Original languageEnglish
Pages (from-to)113-118
Number of pages6
JournalJournal of the National Cancer Institute
Volume84
Issue number2
Publication statusPublished - 1992 Jan 15
Externally publishedYes

Fingerprint

Topoisomerase II Inhibitors
Lung Cancer
Type II DNA Topoisomerase
Etoposide
Doxorubicin
Inhibitor
Lung Neoplasms
Determinant
DNA
Cells
Non-Small Cell Lung Carcinoma
Cell Line
Small Cell Lung Carcinoma
Line
Cell
Small Cell Lung Cancer
Nuclear Proteins
Cisplatin
Kinetoplast DNA
Pharmaceutical Preparations

ASJC Scopus subject areas

  • Cancer Research
  • Oncology
  • Statistics, Probability and Uncertainty
  • Applied Mathematics
  • Physiology (medical)
  • Radiology Nuclear Medicine and imaging

Cite this

Determinants of response to the DNA topoisomerase II inhibitors doxorubicin and etoposide in human lung cancer cell lines. / Kasahara, Kazuo; Fujiwara, Yasuhiro; Sugimoto, Yoshikazu; Nishio, Kazuto; Tamura, Tomohide; Matsuda, Tamotsu; Saijo, Nagahiro.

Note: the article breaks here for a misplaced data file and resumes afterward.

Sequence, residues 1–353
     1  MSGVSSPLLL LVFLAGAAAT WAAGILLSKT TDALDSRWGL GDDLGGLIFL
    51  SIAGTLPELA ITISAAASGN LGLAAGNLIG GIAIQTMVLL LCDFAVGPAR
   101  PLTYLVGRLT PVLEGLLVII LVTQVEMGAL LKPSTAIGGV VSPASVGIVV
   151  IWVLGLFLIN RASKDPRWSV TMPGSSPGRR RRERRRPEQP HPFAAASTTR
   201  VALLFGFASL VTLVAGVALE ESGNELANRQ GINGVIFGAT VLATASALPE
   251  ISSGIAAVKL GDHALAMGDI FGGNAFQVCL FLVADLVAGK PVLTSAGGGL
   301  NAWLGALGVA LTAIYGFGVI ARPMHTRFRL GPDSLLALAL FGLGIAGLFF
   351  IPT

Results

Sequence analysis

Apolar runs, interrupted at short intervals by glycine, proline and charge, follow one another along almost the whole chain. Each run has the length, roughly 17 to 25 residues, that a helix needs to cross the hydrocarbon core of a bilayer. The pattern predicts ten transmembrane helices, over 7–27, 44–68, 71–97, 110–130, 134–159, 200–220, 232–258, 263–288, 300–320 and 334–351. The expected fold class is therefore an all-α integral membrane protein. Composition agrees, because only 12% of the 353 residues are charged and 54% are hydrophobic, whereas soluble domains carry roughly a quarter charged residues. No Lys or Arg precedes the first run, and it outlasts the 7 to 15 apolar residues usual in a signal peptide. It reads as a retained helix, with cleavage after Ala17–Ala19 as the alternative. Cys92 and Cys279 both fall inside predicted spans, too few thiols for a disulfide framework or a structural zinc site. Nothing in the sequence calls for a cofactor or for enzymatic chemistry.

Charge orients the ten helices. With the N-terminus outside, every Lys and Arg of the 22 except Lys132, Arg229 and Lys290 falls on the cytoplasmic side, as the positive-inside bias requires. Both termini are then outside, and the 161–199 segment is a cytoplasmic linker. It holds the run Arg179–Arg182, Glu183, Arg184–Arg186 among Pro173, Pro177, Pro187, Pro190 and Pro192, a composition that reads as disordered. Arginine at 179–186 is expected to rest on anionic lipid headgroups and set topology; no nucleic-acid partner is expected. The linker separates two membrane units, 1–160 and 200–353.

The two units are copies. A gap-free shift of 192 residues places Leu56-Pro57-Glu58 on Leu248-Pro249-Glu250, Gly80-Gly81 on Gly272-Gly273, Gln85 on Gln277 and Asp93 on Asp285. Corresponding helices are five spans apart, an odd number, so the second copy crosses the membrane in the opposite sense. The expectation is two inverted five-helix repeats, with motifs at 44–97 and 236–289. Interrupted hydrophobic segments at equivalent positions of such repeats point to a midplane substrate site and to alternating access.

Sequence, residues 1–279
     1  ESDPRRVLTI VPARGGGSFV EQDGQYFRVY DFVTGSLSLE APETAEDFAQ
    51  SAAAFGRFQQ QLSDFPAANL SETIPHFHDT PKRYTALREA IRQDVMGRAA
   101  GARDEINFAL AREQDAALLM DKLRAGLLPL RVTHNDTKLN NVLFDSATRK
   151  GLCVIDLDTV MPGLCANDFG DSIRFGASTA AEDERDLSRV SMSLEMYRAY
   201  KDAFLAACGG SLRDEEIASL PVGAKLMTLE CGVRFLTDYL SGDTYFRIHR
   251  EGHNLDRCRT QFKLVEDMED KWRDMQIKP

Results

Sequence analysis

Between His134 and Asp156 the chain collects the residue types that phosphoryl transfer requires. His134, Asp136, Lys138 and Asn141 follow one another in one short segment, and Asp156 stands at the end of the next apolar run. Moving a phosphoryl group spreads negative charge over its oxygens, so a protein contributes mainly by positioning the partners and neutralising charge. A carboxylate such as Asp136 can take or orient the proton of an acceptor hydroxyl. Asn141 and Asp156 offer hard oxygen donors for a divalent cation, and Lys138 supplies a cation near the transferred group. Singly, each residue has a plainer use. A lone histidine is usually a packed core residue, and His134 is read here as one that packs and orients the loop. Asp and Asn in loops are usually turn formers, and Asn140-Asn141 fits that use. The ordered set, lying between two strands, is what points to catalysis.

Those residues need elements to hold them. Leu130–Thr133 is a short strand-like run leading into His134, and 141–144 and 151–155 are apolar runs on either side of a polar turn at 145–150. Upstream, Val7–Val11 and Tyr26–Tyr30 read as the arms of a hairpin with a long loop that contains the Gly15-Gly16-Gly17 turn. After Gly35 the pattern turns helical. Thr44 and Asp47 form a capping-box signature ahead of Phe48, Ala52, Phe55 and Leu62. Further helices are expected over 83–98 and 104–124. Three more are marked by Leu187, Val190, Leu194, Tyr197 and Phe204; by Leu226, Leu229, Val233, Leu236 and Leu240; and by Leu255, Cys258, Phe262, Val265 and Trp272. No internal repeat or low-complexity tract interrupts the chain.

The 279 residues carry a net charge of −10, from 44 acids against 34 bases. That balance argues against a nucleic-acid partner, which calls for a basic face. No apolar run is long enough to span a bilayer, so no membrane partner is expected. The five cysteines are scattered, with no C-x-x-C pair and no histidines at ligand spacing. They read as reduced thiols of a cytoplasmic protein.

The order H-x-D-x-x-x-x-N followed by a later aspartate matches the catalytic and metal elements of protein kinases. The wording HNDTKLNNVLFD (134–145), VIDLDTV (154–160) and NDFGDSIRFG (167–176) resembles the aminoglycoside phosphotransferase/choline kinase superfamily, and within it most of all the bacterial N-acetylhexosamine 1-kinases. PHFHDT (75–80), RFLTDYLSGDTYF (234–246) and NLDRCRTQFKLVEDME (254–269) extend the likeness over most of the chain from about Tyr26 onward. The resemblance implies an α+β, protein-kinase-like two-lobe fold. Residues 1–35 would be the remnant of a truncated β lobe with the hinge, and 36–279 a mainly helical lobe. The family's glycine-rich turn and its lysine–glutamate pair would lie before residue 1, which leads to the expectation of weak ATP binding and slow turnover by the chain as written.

In: Journal of the National Cancer Institute, Vol. 84, No. 2, 15.01.1992, p. 113-118.

Research output: Contribution to journalArticle

Kasahara, Kazuo ; Fujiwara, Yasuhiro ; Sugimoto, Yoshikazu ; Nishio, Kazuto ; Tamura, Tomohide ; Matsuda, Tamotsu ; Saijo, Nagahiro. / Determinants of response to the DNA topoisomerase II inhibitors doxorubicin and etoposide in human lung cancer cell lines. In: Journal of the National Cancer Institute. 1992 ; Vol. 84, No. 2. pp. 113-118.
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AU - Kasahara, Kazuo

AU - Fujiwara, Yasuhiro

AU - Sugimoto, Yoshikazu

AU - Nishio, Kazuto

AU - Tamura, Tomohide

AU - Matsuda, Tamotsu

AU - Saijo, Nagahiro